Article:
February 27th, 2007

In Which I Discover One Can Speak Publicly Without First Feeling Grossly Nauseated

I am not a fan of public speaking, although it is not my number one fear. Being devoured alive by flesh-eating spiders while my eyelids are taped open so I cannot look away from the bigscreen TV on which “Star Wars: Episode III” is playing—that’s probably my biggest fear.  

 

But I digress.

 

Many moons ago, a teachers’ society booked me as a speaker for their February meeting. The flattered feeling the advanced booking gave me more than overwhelmed any residual nausea the invitation aroused.

 

Then, about a month ago, an acquaintance I met through my work editing Fibromyalgia AWARE invited me to be part of a panel to address a group of freelance writers. Again, the flattery won me over. (I am just way too susceptible. Gotta work on that.)

 

And last week, a desperate representative of a local high school begged me (Okay, I exaggerate. But not by too much) to participate in Career Day. This invitation stalled me momentarily. The last Career Day I participated in was a complete ego-busting disaster, in which my presentation partner was not a writer, but a producer for an oversexed reality show of which every student in the room was a major fan. Plus she was an alumna. If someone had slipped into the classroom and set me on fire with a bag full of firecrackers and a jug of whiskey, still no one would have paid any attention to me.

 

Three speeches in six days. Holy moley.

 

That last Career Day—with the snotty reality show fans—plus my previous horrible public speaking experiences made me rather dread the Three Speech Gamut. Plus the teachers’ society speech had to be 45 minutes to an hour long (a length of time I would not have a problem with, one on one—but in front of a group of strangers? Please!). I was concerned my Career Day partner wouldn’t show up (that’s happened to me before). And though I have mainly recovered from my fear of exposing my general goofiness to my writer peers, filaments of it remain.

 

The good news: all the speeches went varying degrees of great.

 

The teachers were gracious and attentive, and after the speech I was swarmed with happy educators—many of whom gave me leads on the book project I was speaking about.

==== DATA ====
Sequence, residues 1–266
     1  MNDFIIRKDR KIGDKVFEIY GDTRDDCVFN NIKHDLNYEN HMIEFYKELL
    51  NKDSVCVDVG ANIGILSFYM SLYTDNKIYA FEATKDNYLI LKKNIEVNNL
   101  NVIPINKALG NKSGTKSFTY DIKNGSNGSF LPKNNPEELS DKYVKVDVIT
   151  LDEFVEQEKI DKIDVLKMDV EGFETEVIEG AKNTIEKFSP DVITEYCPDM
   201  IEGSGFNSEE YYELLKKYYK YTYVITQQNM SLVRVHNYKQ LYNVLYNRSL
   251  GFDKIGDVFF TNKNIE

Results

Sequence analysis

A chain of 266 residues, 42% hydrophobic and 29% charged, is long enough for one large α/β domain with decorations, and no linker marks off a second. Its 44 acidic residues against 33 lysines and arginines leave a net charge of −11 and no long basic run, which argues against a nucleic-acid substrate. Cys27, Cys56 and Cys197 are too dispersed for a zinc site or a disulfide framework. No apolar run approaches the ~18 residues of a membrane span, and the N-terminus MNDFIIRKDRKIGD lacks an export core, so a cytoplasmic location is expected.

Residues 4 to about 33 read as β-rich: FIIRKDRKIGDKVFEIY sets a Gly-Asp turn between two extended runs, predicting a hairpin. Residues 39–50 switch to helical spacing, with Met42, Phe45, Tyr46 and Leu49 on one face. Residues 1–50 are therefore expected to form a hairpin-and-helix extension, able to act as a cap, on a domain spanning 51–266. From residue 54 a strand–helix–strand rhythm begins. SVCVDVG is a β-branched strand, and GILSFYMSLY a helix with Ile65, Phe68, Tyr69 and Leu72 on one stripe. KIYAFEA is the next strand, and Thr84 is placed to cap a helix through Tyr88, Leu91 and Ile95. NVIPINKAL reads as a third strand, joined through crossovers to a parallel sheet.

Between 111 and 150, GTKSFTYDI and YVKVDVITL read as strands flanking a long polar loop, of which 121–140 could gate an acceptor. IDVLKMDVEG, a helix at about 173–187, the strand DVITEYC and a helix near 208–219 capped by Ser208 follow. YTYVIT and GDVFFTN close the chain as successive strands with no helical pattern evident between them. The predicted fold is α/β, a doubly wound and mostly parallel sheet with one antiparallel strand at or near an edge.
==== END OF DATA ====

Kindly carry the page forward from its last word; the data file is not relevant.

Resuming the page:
My Career Day partner showed up—a nice sportswriter from a local daily. In both sessions, the kids were funeral silent, except when they raised their hands to ask a question—and they were great questions: What’s the money like? How do you break into a particular magazine? How do you get a book published? Are internships mandatory? I didn’t write for the school paper—will I be penalized for life? Our temporary keeper, a friendly senior who wants to major in journalism, told us we were “way better” than last year’s speaker. (After my flare of sinful pride, I felt deep sympathy for the poor girl, who apparently didn’t have a presentation partner.)

 

And then last night was the writers’ group panel. (Oh, the hilarious stories I have from that! But I won’t blog them. You’ll just have to hear them straight from my gossipy mouth. Or spend the rest of your life wondering.) I was the only editor; the other four presenters were full-time writers. It was big fun to hear how their careers developed, and to realize again that writers share so many of the same silly problems.

 

However.

 

I have this problem. (Yes, yes, I have a lot of problems. But I’m trying to focus here.) Just last week I was telling someone about this problem, and how hard I will endeavor to work on it—and just last night I had a major relapse.

 

I first noticed it in high school, when I was called up to give an oral report about five minutes before the bell was going to ring. The speech was supposed to be eight minutes long, but I certainly didn’t want the entire class sitting there, three minutes into the five-minute passing period, resentfully listening to me babble.

 

So I talked faster.

 

And we got out on time.

 

And I got marked down for giving too short a speech.

 

When I became a freelance writer, I realized I had the same tendency: if an interview subject said he/ she was short on time, I questioned faster and skipped questions so I would be sure to get the most vital information in my allotted time.

 

And nowadays, I do the same stupid thing in my personal life, and it’s just driving me crazy. Why should I be more conscious of other people’s schedules than they are themselves? If they say they have to leave by 6:30, but they linger, why should I push them out the door? There is such a thing as too much solicitousness, and I’ve got it. (Not all the time, mind you.)

 

You can probably see where this is going.

 

The panelists who presented their “capsule” bios before me spoke for, shall we say, a lengthier length of time than I had expected each of us to have. So when it was my turn, I hopped through my notes, skipping this, skimming over that, and finished in probably 5.43 minutes.

 

After the meeting, one woman complimented me on my pithy presentation, comparing me favorably with some of the more verbose presenters. (And how confusing is that? Here I am, trying to work on this issue, and someone compliments me for the very vice I am trying to root out! Isn’t that like cheering on an alcoholic for excellence in chugging?)

 

Another woman told me she enjoyed my presentation—warm words I was glad to hear. And then she said I should get on the speaking circuit. I could feel the hysterical laughter bubbling up, but I held it back.

 

Good experiences all. But I am hopeful that it will be a good long time till I’m called upon to embarrass myself in public again. (Well—by speaking, anyway.)  


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